Former U.S. Rep. Zack Space understands the dysfunction and the rigged game that is killing true democratic representation in Ohio, and America, and he is running for Ohio Auditor in 2018 to fight it, to fight for us.

Space announced his candidacy for auditor Tuesday during a four-stop statewide tour, starting with an event in Martins Ferry and followed by events in Zanesville, Columbus, and Lima.

“Ohioans in every corner of the state know that our democracy is broken,” Space said, announcing his candidacy. “Too many feel left behind and ignored by a dysfunctional process that caters to wealth and privilege. They are right to feel this way – their voices are muffled by the din of special interests and self-serving politicians.”

Space, from Dover in eastern Ohio, represented Ohio’s 18th U.S. Congressional District from 2007 to 2011. He said he is running for auditor in 2018 because we need change.

“The auditor is the people’s representative, and I intend to use the broad powers of the office to honestly and independently stand for every Ohio family,” he said.

The state auditor is a constitutional officer charged with a broad mandate to ensure that public officials act with the best interests of all Ohioans in mind. Ohio’s auditor also sits on the Bipartisan Redistricting Commission (formerly known as the Apportionment Board) which will determine the next decade of Ohio’s legislative elections.

“We deserve a government that is responsive and accountable to us,” Space said. “I will shine a light on the influence of money in the process, and oppose efforts to politicize the creation of legislative districts.”

Man On A Mission

In late April, Space spoke to the Athens County Democratic Party. He delivered one of the most candid assessments of the major threats facing American democracy I’ve seen in a public speech. And as a crusty, 15-year veteran of the newspaper trade, I’ve seen more than my share of public speeches, most of them banal, uninspiring, full of platitudes.

This speech by Space was different because he so directly confronted the two predominant poisons striking at the lifeblood of democracy in our republic.

The two biggest threats to democracy, Space said, are gerrymandered districts and the undue influence of campaign donations and moneyed interests.

Unless the system is fixed, Space warned, Americans will continue to see a lack of participation and more of a bend toward authoritarianism such as he said has been seen since January.

“There are two major issues that account for most of this dysfunction,” Space argued, first pointing to the politicized process for determining how U.S. congressional district and Ohio General Assembly district lines are drawn after the U.S. Census every 10 years.

Space noted the fact that in Ohio and across the nation, fewer and fewer congressional races are competitive. U.S. Congress regularly receives less than 20 percent approval in opinion polls, and yet has an average 96 percent reelection rate.

Ohio has 16 congressional seats, four with incumbent Democrats and 12 with incumbent Republicans, and every one of those seats is safe, Space said.

“They’ve been drawn up by the very politicians who sit in those seats. It’s human nature,” Space said. “I was in Congress. I was prepared to play that game. And if you don’t play it, you’re a fool, because somebody else is going to beat you to the punch.”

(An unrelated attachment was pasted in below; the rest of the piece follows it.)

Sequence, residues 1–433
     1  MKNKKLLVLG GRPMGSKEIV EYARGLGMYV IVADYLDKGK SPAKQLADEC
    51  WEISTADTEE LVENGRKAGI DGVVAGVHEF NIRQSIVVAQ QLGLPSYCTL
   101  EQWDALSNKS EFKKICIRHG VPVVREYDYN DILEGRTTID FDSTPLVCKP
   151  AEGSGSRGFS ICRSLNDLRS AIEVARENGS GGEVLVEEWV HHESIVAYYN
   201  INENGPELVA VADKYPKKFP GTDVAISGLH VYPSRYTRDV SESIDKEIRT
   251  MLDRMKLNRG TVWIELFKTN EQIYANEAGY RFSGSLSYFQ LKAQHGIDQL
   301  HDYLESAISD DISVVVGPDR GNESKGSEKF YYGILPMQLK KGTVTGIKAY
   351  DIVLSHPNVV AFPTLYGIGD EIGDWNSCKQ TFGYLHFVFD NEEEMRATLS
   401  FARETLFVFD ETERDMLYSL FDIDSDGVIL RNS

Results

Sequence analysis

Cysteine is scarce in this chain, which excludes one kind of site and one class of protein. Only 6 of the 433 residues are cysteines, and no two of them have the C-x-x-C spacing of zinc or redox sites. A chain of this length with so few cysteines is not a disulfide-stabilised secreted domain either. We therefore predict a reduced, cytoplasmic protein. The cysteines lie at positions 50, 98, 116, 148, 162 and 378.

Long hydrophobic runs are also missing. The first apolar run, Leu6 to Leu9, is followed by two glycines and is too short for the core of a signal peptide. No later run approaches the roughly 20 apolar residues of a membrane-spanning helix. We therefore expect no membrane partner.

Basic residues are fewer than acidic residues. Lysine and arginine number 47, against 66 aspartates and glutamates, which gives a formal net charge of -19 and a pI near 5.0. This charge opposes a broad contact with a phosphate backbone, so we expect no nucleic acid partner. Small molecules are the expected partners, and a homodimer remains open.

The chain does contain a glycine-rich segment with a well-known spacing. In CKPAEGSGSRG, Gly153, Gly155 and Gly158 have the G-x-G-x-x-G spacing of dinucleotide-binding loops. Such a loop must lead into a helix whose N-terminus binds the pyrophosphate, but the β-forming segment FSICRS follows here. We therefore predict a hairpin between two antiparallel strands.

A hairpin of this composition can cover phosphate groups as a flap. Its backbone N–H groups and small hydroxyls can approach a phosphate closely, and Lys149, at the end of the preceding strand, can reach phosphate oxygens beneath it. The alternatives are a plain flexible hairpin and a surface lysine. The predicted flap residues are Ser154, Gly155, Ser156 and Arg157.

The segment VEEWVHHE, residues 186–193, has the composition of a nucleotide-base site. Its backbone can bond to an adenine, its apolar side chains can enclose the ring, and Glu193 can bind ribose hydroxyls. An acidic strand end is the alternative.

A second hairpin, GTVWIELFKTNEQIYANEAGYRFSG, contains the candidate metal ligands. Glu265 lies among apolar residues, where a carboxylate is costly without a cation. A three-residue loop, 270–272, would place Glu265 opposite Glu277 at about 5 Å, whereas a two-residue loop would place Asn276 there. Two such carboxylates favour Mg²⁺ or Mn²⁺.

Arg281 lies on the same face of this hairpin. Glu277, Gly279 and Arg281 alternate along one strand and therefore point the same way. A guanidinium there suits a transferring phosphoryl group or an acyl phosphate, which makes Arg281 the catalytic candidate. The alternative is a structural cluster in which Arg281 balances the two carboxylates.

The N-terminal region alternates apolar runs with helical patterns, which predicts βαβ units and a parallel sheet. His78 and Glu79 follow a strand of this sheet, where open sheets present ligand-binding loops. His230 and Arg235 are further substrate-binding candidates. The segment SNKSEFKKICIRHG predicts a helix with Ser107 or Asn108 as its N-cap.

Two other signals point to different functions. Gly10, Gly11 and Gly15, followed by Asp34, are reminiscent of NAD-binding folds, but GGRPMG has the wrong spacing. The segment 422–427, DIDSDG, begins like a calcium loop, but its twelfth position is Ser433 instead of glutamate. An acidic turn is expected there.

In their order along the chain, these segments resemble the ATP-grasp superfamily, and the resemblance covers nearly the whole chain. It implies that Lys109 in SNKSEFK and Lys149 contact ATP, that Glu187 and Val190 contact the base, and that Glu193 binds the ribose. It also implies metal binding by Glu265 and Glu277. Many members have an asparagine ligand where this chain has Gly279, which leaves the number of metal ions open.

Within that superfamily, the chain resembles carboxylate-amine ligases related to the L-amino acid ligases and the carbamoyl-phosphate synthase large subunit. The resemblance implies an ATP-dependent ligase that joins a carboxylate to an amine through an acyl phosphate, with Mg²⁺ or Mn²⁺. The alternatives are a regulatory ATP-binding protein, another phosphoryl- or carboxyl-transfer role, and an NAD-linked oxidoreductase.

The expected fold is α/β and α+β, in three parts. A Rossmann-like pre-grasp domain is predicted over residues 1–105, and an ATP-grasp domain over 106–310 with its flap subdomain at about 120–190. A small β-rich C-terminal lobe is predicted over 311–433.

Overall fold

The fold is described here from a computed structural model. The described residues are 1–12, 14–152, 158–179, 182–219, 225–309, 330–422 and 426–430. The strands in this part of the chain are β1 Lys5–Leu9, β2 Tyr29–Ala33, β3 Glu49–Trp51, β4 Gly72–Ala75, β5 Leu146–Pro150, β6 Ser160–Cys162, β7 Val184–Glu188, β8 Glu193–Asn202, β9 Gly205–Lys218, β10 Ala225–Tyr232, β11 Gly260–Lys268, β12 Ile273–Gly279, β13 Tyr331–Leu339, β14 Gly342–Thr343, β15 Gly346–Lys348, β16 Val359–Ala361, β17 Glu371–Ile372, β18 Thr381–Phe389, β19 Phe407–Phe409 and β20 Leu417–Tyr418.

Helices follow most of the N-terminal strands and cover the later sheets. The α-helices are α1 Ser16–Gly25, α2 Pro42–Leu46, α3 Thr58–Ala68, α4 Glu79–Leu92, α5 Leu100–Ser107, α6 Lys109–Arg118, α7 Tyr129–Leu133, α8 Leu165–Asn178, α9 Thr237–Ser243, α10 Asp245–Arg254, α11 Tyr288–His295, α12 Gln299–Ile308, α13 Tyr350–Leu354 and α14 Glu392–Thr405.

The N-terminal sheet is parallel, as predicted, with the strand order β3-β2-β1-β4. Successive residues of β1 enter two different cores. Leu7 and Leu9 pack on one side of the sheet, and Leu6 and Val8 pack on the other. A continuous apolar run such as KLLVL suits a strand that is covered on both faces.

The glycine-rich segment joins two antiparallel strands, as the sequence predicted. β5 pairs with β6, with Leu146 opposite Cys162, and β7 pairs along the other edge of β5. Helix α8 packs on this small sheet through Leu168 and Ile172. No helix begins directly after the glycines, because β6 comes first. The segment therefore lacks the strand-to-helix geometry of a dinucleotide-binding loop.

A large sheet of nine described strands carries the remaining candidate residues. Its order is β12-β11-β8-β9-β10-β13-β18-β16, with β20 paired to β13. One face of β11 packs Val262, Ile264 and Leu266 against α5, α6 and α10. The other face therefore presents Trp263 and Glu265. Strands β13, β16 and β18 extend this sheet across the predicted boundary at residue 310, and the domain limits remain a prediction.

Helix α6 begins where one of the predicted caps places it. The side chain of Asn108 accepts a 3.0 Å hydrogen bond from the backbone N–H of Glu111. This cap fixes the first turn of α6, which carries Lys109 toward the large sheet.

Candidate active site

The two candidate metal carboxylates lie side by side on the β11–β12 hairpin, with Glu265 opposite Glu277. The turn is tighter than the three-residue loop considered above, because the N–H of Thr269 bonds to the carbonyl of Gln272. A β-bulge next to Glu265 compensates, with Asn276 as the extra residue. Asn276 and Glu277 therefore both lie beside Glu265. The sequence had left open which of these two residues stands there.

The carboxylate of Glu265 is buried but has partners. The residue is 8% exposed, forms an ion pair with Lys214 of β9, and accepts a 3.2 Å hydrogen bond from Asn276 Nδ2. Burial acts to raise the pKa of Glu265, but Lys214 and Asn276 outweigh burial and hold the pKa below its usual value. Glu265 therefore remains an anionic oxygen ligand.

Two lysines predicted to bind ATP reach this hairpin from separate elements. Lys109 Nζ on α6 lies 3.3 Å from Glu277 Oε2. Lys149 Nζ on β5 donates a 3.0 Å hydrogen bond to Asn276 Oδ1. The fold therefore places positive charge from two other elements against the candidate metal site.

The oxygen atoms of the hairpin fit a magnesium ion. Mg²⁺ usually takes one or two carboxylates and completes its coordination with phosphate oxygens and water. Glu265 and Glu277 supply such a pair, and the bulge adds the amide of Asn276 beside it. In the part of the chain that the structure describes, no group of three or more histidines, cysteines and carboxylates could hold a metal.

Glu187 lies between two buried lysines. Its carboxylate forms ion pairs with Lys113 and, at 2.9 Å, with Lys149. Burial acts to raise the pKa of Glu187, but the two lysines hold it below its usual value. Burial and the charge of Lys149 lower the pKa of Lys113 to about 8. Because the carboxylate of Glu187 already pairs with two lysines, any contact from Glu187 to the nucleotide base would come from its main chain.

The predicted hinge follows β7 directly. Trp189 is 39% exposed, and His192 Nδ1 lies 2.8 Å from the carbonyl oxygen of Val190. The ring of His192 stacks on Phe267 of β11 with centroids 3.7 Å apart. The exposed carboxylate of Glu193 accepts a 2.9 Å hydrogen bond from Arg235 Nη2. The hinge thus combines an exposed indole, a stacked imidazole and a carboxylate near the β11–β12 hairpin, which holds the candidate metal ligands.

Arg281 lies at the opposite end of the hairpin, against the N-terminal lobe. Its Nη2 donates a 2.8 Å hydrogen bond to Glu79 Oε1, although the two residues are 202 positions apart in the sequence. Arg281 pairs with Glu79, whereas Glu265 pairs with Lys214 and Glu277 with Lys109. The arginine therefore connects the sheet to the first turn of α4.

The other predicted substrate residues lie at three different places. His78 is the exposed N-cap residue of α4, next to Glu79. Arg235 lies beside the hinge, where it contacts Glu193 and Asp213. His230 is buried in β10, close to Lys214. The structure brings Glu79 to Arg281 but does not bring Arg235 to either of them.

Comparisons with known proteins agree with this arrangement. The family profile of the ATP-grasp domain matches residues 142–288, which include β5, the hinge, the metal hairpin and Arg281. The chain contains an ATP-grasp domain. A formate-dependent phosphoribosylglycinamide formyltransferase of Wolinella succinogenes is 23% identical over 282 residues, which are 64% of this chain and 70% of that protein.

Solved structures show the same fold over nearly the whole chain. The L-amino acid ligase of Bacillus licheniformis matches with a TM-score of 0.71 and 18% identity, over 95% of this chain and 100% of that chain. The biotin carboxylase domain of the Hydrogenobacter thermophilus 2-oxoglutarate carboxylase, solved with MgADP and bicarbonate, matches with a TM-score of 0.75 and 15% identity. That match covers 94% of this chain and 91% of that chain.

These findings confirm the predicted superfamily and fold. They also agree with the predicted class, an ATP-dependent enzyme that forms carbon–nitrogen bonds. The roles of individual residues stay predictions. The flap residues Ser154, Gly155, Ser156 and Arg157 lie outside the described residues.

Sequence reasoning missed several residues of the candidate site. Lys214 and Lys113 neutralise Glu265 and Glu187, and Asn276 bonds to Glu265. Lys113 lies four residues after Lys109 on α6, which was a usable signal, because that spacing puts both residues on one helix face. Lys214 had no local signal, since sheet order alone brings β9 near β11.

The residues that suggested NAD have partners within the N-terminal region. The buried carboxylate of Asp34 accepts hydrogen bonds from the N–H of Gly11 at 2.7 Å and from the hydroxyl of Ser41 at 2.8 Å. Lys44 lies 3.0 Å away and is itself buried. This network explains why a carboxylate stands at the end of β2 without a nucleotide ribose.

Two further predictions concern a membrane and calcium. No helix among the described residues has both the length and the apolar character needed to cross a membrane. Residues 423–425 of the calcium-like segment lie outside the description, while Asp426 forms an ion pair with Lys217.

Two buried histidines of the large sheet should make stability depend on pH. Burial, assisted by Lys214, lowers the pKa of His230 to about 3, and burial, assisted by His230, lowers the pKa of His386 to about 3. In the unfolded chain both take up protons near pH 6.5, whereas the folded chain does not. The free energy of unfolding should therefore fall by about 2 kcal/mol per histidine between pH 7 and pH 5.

But the end result of allowing politicians to draw up their own seats is that none of them are politically vulnerable in a general election, he said. The only vulnerability they face is during primaries when challengers in both parties go further to the incumbent’s right or left, depending on party, he said.

“So you’ve got this force that’s pushing everybody to the extremes, not leaving any room for compromise, for negotiation, or even civility,” he said, contending that this is responsible for much of the polarity, extremism and acrimony in American politics today.

Fixing the redistricting process is possible, Space said, encouraging people to sign petitions that call for fair redistricting in Ohio and elsewhere. Ohio has a ballot initiative to help fix Congressional district gerrymandering currently gathering steam.

Money Talks

The second thing that’s broken the system, Space said, is how campaigns are financed. He recalled his own tenure in Congress, pointing to the time he and everyone else spent in the U.S. congressional “dialing for dollars” call centers.

Known to some as “the bunker,” these are essentially phone banks for members of U.S. Congress where they sit with a list of potential donors, cold calling and asking for money for reelection efforts. Space said he spent over 40 hours working each week and another 30 to 40 hours fundraising.

“They’re all sitting at these little cubicles calling people they don’t even know, asking for money. That is a colossal waste of a legislator’s time. I’d have rather spent that time working on legislation or meeting with constituents, or with my family,” he said. “It’s also humiliating and debasing.”

Finally, he said, it harms the legislative process itself.

“Any legislator who tells you, ‘I’ve never thought about what my vote on any issue would mean for my ability to raise funds,’ is lying to you,” Space said. “It is a component. It’s not the only component – maybe for a few it is – but it has no business being a part of the equation.”

Space said that America needs to take the money out of the process with campaign finance reform and stop allowing legislators to draw their own districts.

“If we fix the structural parts of our democracy that are broken, then we can start governing with tolerance and compromise and with understanding to rationally and objectively deal with the problems we face as a state and a nation,” he said.

 

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